thompsa2 wrote: NYstate wrote:
A. Nony Mouse wrote:Someone with tenure in a job that provides housing in NYC has already won the lottery, academically speaking.
I only know about Columbia and NYU. I think other schools may do the same, but I don't know. Housing isn't free but it is heavily discounted. They don't pay salaries that allow professors to pay market housing costs.
I have seldom heard of tenured jobs that provide any money for housing - though some schools in NYC may have such perks due to the high cost of living. The only two professors I know who worked at colleges in NYC both left because the cost of living was so high, and their pay so low. Most of us can't afford summers or winters in Aspen or Europe. The actual pay for professors (unless you are at a top research school or you are a professor in an area like business or medicine), is surprisingly low. We, too, have been hit by the recession, thus salaries are stagnant. In terms of a competitive job market, academic jobs are also hard to come by these days. Yes, I know the reaction may be something along the lines of "then why give up a tenured position?" Unfortunately, when you are tenured at one school, this does not mean that if move to another school you will retain your tenure - this rarely happens. Just as you can find yourself in a bad working environment at one law firm, you can also find yourself in a bad working environment at a given college or university. The odd thing about academia is that because of the tenure system, you are likely to be working with the same folks for 20 or 30 years. This is great if you are lucky enough to land a job in a place where you like to live, and at a school where faculty, colleagues, and administrators have a good working relationship. However, as those working in higher education know, many colleges/universities are characterized by entrenched tensions and organizational dysfunction. Also, trying to move to another college/university job almost always requires uprooting your life. I know many professors who have changed jobs several times over their careers, known of whom were able to do so without moving to an entirely new state. It is clear based on various responses on this forum that working in law is no picnic and highly competitive, but academia is also no paradise.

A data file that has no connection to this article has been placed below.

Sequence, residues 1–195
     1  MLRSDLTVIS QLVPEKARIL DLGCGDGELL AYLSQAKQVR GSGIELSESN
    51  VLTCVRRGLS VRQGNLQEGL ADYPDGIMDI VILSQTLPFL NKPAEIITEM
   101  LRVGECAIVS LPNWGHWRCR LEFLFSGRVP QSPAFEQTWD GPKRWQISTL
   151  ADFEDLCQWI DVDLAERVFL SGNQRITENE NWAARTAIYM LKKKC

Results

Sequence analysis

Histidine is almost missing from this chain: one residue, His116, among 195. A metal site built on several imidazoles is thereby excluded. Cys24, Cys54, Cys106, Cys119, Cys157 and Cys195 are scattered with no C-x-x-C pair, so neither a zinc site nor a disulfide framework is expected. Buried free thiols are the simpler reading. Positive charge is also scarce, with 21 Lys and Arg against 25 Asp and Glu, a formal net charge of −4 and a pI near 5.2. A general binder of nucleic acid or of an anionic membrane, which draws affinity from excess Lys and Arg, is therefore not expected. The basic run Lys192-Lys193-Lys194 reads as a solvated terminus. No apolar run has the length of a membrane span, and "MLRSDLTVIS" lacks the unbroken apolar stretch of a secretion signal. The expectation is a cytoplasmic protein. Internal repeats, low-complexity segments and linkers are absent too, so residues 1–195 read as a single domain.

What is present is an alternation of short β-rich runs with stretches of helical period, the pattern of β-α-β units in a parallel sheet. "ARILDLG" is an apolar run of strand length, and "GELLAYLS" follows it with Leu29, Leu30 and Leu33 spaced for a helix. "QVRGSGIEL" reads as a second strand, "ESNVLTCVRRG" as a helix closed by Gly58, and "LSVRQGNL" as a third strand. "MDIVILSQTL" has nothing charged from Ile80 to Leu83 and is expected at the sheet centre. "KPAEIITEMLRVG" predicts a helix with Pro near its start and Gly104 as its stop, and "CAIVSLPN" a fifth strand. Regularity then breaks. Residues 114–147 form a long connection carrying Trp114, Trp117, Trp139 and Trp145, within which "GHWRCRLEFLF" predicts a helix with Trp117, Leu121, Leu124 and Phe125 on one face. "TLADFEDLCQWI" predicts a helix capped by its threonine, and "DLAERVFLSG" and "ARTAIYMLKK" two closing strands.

NYU and Columbia have faculty housing that is rented to professors for much much less than market. The professors I know have gone to Aspen where there is a physics institute in the summer and to places like CERN and research institutions. I think most of the cost is paid by grants. But this might also be something that boomers have ruined. Not sure how the young faculty fares, my feeling is that they do pretty well. Maybe science has more money for grants than sociology does?
I didn't mean to imply academia was a paradise. I just feel pretty strongly that you might be throwing away a job with security and end up in a worse position. The pro bono work I've done with indigent clients is exceedingly frustrating because of governmental incompetence and bureaucracy. And we only get pre- screened cases, the day to day grind of that work might be even more difficult than academics.
I know you aren't looking to make money. If you do go to law school, keep the cost in mind. Even a full scholarship can mean debt for cost of living. And the jobs you are looking for are so competitive- you should look at Harvard, Yale, Stanford, Columbia and NYU.
But to get into those schools you will have to find time to study hard for the LSAT.
Good luck in whatever you decide.